Moroccan-Spiced Chickpea Soup

Bean says: This simple, protein-packed soup is highly nutritious and easy to make. Chickpeas are high in fibre, particularly a type called oligosaccharides that are fermented by beneficial bacteria in the gut. They produce short chain fatty acids that improve immune function and benefit your health in so many ways, including post-exercise recovery.

Serves 2

You will need.... 1tbsp olive or rapeseed oil 1 small onion, finely chopped 1 carrot, peeled and finely chopped 1 celery stick, finely chopped ½ tsp ground cumin ½ tsp cinnamon 1 tsp harissa paste 2tbsp tomato purée Salt and freshly ground black pepper 400ml vegetable stock 400g can chickpeas, drained and rinsed Juice of ½ lemon 50g baby spinach Handful of fresh coriander, chopped To serve: Toasted wholemeal pitta bread 


- Heat oil in a large pan over low heat. Fry onion, carrots and celery until onion becomes translucent -Stir in cumin, cinnamon, harrisa, tomato purée, salt and pepper an cook for one minute while stirring - Add stock and chickpeas, bring to the boil then simmer for five mins - Remove from heat. Using potato masher, mash some of the soup in the pan (not too much). Stir in lemon juice and spinach and let it cook in the heat of the soup for a couple of minutes until wilted. Adjust seasoning if necessary. - Divide between two bowls, sprinkle with coriander and serve with toasted pitta bread.

Per serving (including one wholemeal pitta bread): 489cals, 20g protein, 12g fat (1g saturates), 68g carbs (13g total sugars), 17g fibre

Chickpea and Butternut Squash Tagine 

Bean says: This warming tagine made with chickpeas and served with couscous provides an excellent balance of essential amino acids that promote muscle recovery. Plus, it is a rich source of fibre, B vitamins and beta-carotene, an antioxidant vitamin that protects against cell damage during exercise. Spinach and dried apricots both add plenty of iron, while almonds supply vitamin E.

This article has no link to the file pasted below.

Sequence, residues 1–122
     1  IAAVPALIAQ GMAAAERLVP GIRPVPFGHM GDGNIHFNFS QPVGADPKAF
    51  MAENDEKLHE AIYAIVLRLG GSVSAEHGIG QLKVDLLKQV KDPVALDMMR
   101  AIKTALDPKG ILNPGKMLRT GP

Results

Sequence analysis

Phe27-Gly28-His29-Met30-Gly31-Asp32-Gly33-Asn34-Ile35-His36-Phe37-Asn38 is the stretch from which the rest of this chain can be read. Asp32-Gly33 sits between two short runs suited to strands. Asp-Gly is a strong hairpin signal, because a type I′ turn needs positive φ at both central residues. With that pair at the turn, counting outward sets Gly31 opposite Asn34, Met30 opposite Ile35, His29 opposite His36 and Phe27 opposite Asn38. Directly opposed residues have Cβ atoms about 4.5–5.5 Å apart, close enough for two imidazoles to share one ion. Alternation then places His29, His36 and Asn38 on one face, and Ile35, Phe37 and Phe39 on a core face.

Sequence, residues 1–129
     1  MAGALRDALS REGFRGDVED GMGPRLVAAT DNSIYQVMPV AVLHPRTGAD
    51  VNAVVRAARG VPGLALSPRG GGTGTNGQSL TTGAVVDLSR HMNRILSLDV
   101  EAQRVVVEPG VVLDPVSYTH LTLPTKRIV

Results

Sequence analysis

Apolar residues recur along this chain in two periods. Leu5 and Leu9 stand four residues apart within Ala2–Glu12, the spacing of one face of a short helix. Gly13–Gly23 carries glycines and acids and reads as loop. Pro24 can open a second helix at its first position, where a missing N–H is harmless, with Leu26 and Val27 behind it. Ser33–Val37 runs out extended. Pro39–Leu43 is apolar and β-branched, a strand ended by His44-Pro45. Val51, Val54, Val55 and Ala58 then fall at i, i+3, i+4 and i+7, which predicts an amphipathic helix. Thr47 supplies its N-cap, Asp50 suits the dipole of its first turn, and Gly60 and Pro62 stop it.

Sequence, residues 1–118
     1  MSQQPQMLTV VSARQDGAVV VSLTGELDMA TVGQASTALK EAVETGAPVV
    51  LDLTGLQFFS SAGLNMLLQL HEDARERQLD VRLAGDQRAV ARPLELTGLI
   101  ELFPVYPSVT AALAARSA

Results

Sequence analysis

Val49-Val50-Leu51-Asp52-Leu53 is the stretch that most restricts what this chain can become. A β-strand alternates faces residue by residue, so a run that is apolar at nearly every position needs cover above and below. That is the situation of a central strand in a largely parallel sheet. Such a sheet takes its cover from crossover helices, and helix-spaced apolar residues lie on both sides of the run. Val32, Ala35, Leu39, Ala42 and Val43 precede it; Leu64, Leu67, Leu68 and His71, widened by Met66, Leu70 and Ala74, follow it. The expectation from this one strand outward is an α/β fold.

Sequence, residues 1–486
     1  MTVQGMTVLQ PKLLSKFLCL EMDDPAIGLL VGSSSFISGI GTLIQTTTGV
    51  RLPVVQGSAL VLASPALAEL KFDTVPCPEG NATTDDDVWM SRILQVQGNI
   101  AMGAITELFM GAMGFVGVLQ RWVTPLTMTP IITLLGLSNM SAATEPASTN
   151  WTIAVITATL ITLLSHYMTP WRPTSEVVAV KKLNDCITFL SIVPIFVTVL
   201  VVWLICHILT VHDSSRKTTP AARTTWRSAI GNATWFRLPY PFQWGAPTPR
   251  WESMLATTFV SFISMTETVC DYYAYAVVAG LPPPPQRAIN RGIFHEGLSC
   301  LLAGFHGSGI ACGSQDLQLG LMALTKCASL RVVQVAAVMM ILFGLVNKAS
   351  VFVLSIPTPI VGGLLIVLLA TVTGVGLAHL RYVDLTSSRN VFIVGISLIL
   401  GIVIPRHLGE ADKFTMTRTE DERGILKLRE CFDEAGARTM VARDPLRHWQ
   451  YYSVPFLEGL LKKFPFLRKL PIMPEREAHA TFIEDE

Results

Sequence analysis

Serves 4

You will need 2 tbsp light olive or rapeseed oil 1 onion, finely chopped 2 garlic cloves, crushed 2cm piece fresh ginger, peeled and finely chopped 1 tsp ras el hanout or harissa paste ½ tsp ground cumin ½ tsp ground coriander ½ tsp ground cinnamon ½ butternut squash (approx. 500g), peeled, deseeded and cut into 1cm chunks 400g can chopped tomatoes 2 x 400g cans chickpeas, drained and rinsed 75g dried ready-to-eat apricots, roughly chopped Juice of 1 lemon 50g fresh spinach Salt and freshly ground black pepper, to season 50g flaked almonds, toasted A small handful fresh coriander, chopped To serve: Cooked couscous


- Heat oil in a large pan over medium heat and cook onion for three mins until translucent - Add garlic, ginger, ras el hanout (or harrisa paste), cumin, corriander and cinnamon. Stir well and cook of one min. Add butternut squash, tomatoes, chickpeas and dried apricots and top up with enough hot water to just cover the vegetable. - Bring to the boil, then turn down the heat and simmer for 20-25 minutes unit the vegetables are tender. - Add the lemon juice and spinach, stirring until just wilted. Season with salt and black pepper - Scatter over the flaked almonds and chopped corriander and serve with cooked couscous (or quinoa if gf).

Per serving (including 50g – dry weight – couscous): 603kcal, 23g protein, 18g fat (2g saturates), 81g carbs (20g total sugars), 16g fibre

Nutrition for indoor cycling sessions

The combination of less daylight and riskier road conditions outdoors makes indoor training a more attractive option in winter. For those with busy work and family lives, these sessions are often squeezed in early in the morning or after work, and it can be easy to neglect nutrition at such times.